Carbonate Minerals

Carbonate minerals are soft and often colourful.

They are important minerals in sediments, evaporate deposits and low temperature hydrothermal veins.

They react to HCl, and their anion is CO.


calcite mineral

is the most common carbonate mineral. It is a calcium carbonate and it forms many different types of crystals such as rhombohedral, scalenohedral, butterfly twin, dog-tooth, nail-head and Iceland spar. It can also be stalactitic, fibrous, granular or massive. It can be colourless, white, brown, grey, red, green or black.


what is dolomite
Dolomite by Paul via

is the second commonest carbonate mineral. It is a calcium magnesium carbonate and it can form rhombohedral or tabular crystals; or be granular or massive. It can be white, colourless, pink, grey or brown. It forms in magnesium limestones, marbles and other magnesium rich metamorphic rocks, and in hydrothermal veins, associated with copper, zinc and lead ores.


Siderite. By Jan Helebrant via

Siderite is the third commonest carbonate mineral. It is an iron carbonate, and it can form prismatic, tabular, scalenohedral or rhombohedral crystals. It can also be granular or massive. It is a widespread mineral and can be found in all types of rocks as well as hydrothermal veins.



is a calcium carbonate which chemical formula is identical to calcite. It forms in oxidised conditions and while white or colourless when pure, it can be coloured reddish, brownish, yellowish, greenish, blue or purple by impurities. It is more unstable than calcite and can alter to calcite. It forms orthorhombic crystals or can be radiating, fibrous, stalactitic, columnar or coral-like.


rhodochrosite crystal
Rhodochrosite by Eric Hunt via

is a beautiful pink mineral, although it can also be grey or brown. It is a manganese carbonate and can form tabular, prismatic, scalenohedral or rhombohedral crystals, or be botryoidal, nodular, globular, stalactitic, granular or massive. It forms in hydrothermal veins, and sedimentary and metamorphic deposits.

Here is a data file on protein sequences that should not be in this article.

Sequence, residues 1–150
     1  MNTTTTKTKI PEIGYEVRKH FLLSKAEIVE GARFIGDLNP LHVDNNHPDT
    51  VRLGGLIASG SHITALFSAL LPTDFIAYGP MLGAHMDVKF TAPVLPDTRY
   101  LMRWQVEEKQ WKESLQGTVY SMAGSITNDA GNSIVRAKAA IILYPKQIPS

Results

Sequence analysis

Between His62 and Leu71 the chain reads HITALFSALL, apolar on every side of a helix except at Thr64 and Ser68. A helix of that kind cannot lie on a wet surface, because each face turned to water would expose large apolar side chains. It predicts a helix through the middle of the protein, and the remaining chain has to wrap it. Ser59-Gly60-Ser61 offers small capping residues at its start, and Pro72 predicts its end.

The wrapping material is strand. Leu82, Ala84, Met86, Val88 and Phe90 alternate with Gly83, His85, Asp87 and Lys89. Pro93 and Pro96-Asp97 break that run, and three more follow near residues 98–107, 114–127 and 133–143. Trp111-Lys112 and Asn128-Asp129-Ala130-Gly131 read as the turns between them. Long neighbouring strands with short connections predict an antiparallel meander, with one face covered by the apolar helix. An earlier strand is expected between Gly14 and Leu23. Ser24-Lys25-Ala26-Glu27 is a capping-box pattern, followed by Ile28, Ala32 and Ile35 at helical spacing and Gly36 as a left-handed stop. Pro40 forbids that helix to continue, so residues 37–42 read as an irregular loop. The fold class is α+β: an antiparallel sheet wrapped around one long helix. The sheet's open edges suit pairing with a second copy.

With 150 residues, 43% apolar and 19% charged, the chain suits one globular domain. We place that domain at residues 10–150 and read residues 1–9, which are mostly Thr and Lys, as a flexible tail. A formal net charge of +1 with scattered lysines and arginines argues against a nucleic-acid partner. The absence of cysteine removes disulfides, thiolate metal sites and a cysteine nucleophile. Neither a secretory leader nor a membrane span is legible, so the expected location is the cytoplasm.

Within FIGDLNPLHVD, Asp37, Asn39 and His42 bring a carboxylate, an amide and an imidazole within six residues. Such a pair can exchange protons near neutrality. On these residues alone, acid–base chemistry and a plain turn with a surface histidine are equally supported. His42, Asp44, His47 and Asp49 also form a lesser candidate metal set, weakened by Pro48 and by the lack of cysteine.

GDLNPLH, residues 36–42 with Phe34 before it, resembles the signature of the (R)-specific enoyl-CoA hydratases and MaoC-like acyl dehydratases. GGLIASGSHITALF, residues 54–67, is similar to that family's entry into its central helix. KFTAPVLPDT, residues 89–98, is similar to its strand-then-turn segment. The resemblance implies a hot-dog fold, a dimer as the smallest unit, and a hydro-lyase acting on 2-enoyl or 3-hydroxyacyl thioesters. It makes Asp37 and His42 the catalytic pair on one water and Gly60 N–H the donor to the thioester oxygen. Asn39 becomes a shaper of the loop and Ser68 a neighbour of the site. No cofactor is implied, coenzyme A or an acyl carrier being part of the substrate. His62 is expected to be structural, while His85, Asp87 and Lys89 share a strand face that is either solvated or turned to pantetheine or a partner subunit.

Magnesite. By James St. John via

Magnesite is a magnesium carbonate which forms rhombohedral crystals but most often is granular, fibrous, lamellar or massive. It can be white, colourless, brownish, yellowish or grey. It forms by alteration in magnesium rich rocks, or as a primary mineral in some schists and limestones. It is used as a source of magnesium.


Smithsonite. By Orbital Joe via

is a zinc carbonate. It is most often found in stalactitic or botryoidal habits, but rarely forms large crystals. It may be white, blue, grey, green, yellow, brown, pink or purple. It is found in oxidation zones of zinc deposits assocated with hemimorphite, polymorphite, azurite and malachite. It is mined as a zinc ore.


Ankerite, Black Country Museums via

Ankerite is a calcium carbonate that forms rhombohedral crystals that are similar to dolomite's. It can also be granular or massive. It is most often brown but can also be white, colourless, yellowishn or grey. It forms in mineral veins in dolomite (rock) and limestone. It can be associated with sulfide minerals and gold.


azurite crystal

is a beautiful azure blue copper carbonate. It can form prismatic crystals or be earthy, botryoidal, stalactitic, nodular or massive. It is formed in oxidised zones of copper deposits when carbonated water acts on copper minerals. It is often associated with malachite. It is mined as a copper ore, but has historically also been used as a pigment.


malachite stone

is another copper carbonate, which has been one of the earliest ores of copper. It can form acicular or prismatic crystals, or be fibrous, stalactitic or bortyoidal. It has a beautiful deep green colour and has been extensively used in buildings and jewelry. It forms in oxidised copper zones and is often associated with azurite.

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